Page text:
Let me come out right now and admit a bias: I don’t think that you or I ought to pay for screening tests for lung cancer in every asymptomatic current smoker. Smokers who are worried about lung cancer ought to quit smoking! As to the notion that such individuals can and will pay for screening out of their own pockets, forget it. There is an inverse relationship between socioeconomic status and likelihood of smoking; those who generate the excess health care cost associated with smoking are least likely to be able to afford it, and taxpayers get stuck with the tab. (We seem to have forgotten that the Master Settlement agreement between states and the tobacco industry was the result of suits brought by states’ Attorneys Generals on behalf of taxpayers, originally intended to recoup the tax dollars spent on cigarette-related illness incurred by Medicaid recipients. Unfortunately, these dollars have been largely used to build roads and libraries and to replenish state coffers. But I digress). This model clearly demonstrated that quitting smokers and ex-smokers were at markedly reduced risk of lung cancer and that screening for cancer in this group was even more expensive than screening in the smokers.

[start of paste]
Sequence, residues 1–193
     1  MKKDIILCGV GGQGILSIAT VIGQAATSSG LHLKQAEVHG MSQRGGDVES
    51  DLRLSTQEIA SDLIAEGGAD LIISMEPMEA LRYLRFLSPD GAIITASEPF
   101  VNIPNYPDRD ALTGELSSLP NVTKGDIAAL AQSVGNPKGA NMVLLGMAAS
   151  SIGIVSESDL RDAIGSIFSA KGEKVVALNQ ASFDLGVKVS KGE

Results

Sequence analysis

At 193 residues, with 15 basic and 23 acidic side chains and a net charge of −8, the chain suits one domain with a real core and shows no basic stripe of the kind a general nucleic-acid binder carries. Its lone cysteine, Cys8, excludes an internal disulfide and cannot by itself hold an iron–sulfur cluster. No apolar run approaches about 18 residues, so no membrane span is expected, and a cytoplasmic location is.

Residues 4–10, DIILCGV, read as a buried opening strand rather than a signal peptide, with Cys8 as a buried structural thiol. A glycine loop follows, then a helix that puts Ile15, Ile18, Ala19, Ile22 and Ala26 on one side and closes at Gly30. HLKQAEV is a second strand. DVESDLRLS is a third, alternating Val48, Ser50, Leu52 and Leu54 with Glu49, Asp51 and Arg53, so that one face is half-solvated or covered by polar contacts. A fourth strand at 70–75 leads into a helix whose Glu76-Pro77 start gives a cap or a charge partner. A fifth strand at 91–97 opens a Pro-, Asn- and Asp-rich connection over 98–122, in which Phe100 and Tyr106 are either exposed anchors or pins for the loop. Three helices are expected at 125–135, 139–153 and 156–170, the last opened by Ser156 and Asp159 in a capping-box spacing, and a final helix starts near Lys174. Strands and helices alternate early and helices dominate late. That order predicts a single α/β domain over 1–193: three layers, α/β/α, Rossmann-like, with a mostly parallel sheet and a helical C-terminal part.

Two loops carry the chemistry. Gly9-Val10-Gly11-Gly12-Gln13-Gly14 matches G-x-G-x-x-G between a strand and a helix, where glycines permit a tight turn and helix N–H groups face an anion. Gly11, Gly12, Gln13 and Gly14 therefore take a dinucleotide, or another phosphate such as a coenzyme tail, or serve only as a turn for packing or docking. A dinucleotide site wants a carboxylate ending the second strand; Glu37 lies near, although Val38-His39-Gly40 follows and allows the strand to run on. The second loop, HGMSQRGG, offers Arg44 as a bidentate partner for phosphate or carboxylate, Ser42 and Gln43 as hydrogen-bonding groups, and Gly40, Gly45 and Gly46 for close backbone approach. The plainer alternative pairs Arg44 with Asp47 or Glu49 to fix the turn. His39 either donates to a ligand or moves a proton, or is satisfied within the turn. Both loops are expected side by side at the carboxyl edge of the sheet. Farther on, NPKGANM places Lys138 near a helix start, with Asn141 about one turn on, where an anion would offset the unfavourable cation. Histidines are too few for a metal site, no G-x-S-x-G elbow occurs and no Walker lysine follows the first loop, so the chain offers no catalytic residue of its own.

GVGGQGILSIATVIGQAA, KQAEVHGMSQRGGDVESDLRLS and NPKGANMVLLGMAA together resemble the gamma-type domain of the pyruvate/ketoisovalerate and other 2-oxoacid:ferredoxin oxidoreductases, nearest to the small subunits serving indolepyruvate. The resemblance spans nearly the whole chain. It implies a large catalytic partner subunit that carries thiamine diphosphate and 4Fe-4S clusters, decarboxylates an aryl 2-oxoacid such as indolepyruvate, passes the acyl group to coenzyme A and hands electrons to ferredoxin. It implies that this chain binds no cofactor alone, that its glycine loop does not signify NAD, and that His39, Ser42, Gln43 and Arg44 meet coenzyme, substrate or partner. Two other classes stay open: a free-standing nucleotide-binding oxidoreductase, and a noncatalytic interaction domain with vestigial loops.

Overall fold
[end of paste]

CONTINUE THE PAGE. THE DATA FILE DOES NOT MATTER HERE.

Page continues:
But this is America. Commercially available cancer (and other disease) screening programs, fueled by direct advertising to consumers, are proliferating.3 In most instances so far, individuals are paying for these services out of pocket. US News and World Report has a remarkably balanced report on this phenomenon, noting that screening does not change behavior, physicians at screening centers are "delighted" to write orders for tests that require them, and that both the rate and cost of false-negative tests are very high.4 The article concludes, however, that, "Short of a bad economy or a skeptical public, scanning centers seem poised to continue to reap profits from the worried well."